for characterizing the structures of nanoparticles in liquid.



D. Viscosity of Nanoparticle Fluid Mixtures and Applications

of Nanoparticle Fluid Mixtures for Heat Transfer Enhancement

Because of the increased thermal conductivity of nanoparticle

uid mixtures over the base liquids, nanoparticle uid mixtures
can be used for heat transfer enhancement. On the other hand, the
viscosityof the mixtures should also be taken into accountbecause it
is one of the parameters that determine the required pumping power
of a heat transfer system.
Figure 6 shows the relative viscosity of Al2 O3 water solutions
dispersed by different techniques, that is, mechanical blending
(method 1), coating particles with polymers (method 2), and ltration (method 3). These viscosity data are obtained with a precalibrated viscometer. It is seen that the solutions dispersed by methods
2 and 3 have lower viscosity, indicating that the particles are better
dispersed. (It is a common practice to determine whether particles
are well dispersed based on whether or not the viscosity value is
minimized.29 ) The Al2 O3 water mixture shows a viscosity increase
between 20 and 30% for 3 vol% Al2 O3 solutions compared to that
of water alone. On the other hand, the viscosity of Al2 O3 water
used by Pak and Cho11 was three times higher than that of water.
This large discrepancy could be due to differences in the dispersion
techniques and differences in the size of the particles.
The viscosity of the Al2 O3 ethylene glycol solution is shown
in Fig. 7. Compared with the Al2 O3 water solution, the Al 2 O3
ethylene glycol solution has a similar viscosity increase but a higher
thermal conductivity increase.
For laminar ow in a circular tube, the convection heat transfer
coef cient is proportional to the thermal conductivity of the uid,
whereas the pressure drop is proportional to viscosity. For turbulence ow in a circular tube, the pressure drop is proportional to
1=5 , whereas the convectionheat transfer coef cient is proportional
to .k 2f =3 =0:467 / according to the Colburns equation (see Ref. 13).
Using the measured thermal conductivity and viscosity data, the
increase in pressure drop is found to be about the same as the increase in heat transfer for all of the uid particle mixtures studied in this work. This estimation is based on the assumption that
there are no other heat transfer mechanisms in the ow of the uids

with nanoparticles. With this assumption, the desirable heat transfer increase is offset by the undesirable increase in pressure drop.
However, when uids with nanoparticles are owing in a channel,
motions of particles also enhance heat transfer due to the decreased
thermal boundarythickness,enhancementof turbulence,and/or heat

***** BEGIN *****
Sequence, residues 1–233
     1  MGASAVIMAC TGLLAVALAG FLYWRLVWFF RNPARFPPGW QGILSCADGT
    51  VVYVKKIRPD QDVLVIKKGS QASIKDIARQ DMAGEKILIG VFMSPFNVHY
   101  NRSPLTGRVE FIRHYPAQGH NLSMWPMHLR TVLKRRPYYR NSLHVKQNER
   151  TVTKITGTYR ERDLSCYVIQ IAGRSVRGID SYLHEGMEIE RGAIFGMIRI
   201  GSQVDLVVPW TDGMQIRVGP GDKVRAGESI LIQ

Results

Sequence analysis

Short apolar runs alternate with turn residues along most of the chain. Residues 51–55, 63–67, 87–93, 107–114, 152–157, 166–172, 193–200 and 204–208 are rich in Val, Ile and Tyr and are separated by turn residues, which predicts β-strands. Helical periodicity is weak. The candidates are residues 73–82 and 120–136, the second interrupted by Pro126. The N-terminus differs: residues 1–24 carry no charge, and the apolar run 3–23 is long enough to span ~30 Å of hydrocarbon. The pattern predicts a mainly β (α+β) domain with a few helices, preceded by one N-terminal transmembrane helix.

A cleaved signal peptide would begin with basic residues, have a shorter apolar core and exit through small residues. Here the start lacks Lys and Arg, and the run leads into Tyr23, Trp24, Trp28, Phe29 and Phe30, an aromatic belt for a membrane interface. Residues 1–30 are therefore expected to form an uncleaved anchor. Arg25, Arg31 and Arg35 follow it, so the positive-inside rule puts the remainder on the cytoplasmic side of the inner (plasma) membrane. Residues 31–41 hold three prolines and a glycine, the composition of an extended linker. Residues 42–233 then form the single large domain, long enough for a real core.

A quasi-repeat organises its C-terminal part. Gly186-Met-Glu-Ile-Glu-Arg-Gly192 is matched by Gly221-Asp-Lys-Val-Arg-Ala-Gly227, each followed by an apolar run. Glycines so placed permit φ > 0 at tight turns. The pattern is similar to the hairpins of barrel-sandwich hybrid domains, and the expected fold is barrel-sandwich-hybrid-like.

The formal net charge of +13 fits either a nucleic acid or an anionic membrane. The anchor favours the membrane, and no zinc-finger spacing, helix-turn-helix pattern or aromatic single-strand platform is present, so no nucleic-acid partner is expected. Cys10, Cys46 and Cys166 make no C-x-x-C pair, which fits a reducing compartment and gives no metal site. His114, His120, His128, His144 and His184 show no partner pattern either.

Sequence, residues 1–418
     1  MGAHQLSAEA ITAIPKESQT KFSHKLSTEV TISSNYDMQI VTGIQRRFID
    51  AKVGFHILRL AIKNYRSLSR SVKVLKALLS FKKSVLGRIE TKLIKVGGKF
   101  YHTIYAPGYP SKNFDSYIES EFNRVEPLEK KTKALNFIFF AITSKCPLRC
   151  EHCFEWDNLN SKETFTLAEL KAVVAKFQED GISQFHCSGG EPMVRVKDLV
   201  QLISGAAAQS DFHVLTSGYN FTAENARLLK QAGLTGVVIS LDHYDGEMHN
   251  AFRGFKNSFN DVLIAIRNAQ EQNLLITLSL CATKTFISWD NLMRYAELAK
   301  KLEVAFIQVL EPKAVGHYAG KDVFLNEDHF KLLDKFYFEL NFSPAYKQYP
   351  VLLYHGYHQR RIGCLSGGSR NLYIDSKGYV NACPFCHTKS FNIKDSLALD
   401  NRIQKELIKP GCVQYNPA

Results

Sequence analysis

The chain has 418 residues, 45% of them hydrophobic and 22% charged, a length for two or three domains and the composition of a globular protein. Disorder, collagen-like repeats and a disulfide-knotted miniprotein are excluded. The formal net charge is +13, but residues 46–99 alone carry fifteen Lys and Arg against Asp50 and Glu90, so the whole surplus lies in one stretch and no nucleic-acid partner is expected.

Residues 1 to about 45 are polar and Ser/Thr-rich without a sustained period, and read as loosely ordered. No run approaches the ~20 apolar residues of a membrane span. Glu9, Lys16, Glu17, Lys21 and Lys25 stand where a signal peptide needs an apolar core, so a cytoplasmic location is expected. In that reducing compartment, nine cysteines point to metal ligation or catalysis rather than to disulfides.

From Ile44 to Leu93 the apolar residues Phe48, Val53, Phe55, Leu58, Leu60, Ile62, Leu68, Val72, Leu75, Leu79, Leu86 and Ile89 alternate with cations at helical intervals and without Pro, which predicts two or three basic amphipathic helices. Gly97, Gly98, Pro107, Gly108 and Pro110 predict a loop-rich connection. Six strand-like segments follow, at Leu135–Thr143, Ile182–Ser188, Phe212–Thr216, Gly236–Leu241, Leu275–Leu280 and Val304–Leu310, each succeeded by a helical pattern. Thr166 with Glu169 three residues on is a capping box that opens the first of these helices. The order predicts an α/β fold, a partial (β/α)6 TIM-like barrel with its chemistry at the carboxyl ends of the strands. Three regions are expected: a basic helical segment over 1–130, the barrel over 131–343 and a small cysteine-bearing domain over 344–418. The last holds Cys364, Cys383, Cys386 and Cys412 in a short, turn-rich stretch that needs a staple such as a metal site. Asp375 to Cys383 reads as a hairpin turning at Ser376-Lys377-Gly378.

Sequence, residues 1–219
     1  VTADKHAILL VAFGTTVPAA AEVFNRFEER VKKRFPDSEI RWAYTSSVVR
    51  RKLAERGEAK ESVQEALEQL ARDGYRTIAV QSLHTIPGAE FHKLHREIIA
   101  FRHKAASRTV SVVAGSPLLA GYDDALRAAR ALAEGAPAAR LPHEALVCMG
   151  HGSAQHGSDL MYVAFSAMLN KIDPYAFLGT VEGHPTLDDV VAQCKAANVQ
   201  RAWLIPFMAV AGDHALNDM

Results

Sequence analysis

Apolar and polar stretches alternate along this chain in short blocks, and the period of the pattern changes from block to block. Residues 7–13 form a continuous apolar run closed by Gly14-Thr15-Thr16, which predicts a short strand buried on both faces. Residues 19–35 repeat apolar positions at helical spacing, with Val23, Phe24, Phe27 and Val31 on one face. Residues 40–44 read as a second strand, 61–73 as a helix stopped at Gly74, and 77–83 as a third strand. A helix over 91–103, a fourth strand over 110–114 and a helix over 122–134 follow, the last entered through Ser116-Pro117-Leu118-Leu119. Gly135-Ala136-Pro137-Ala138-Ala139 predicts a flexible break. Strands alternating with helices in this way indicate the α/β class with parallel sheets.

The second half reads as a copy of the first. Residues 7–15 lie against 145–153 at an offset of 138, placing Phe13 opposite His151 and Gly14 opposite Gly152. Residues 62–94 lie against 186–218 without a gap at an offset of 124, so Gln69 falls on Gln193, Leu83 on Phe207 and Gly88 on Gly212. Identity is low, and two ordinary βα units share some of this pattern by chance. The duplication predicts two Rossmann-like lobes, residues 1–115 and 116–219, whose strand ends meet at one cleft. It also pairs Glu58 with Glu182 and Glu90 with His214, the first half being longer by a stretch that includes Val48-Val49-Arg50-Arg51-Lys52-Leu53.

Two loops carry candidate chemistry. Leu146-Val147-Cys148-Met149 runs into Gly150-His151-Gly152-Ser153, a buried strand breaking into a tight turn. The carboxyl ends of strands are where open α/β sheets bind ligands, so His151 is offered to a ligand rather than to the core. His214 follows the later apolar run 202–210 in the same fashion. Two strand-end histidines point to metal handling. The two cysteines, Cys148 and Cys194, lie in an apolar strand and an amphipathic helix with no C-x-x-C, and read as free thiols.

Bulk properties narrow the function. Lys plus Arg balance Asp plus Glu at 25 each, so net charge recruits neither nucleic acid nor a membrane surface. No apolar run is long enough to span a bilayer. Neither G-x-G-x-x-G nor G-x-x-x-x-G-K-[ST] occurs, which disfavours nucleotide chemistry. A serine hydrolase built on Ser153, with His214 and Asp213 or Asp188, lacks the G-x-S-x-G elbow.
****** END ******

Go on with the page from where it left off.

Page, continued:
conduction between nanoparticles and the wall as was found in the
studies of gas particle ow. Therefore, more studies are needed on
convection heat transfer in uids with nanoparticles to justify the
use of them as a heat transfer enhancement medium.



The effectivethermal conductivitiesof uids with Al2 O3 and CuO

nanoparticlesdispersedin water, vacuum pump uid, engine oil, and
ethylene glycol are measured. The experimental results show that
the thermal conductivities of nanoparticle uid mixtures increase
relative to those of the base uids.
A comparison between the present experimental data and those
of other investigatorsshows a possible relation between the thermal
conductivity increase and the particle size: The thermal conductivity of nanoparticle uid mixtures increases with decreasing the
particle size. The thermal conductivity increase also depends on the
dispersion technique.
Using existing models for computing the effective thermal conductivity of a mixture, it is found that thermal conductivities computed by theoretical models are much lower than the measured data,
indicating the de ciencies of the existing models in describing heat
transfer at the nanometer scale in uids. It appears that the thermal
conductivity of nanoparticle uid mixtures is dependent on the microscopicmotion and the particle structure.Any new models of thermal conductivityof liquids suspendedwith nanometer-sizeparticles
should include the microscopic motion and structure-dependent behavior that are closely related to the size and surface properties of
the particles. To use nanoparticle uid mixtures as a heat transfer
enhancementmedium, more studies on heat transfer in the uid ow
are needed.

Support of this work by the National Science Foundation (CTS9624890) and the U.S. Department of Energy, Of ce of Science,
Laboratory Technology Research Program, under Contract W-31109-Eng-38, is acknowledged.

1 Gleiter,

Fig. 6 Relative viscosity of Al2 O3 water mixtures dispersed by three

different methods.

Fig. 7

Relative viscosity of Al2 O3 ethylene glycol mixtures.

H., Nanocrystalline Materials, Progress in Materials Science,

Vol. 33, No. 4, 1989, pp. 223 315.
2 Choi, U. S., Enhancing Thermal Conductivity of Fluids with Nanoparticles, Developments and Applications of Non-Newtonian Flows, edited by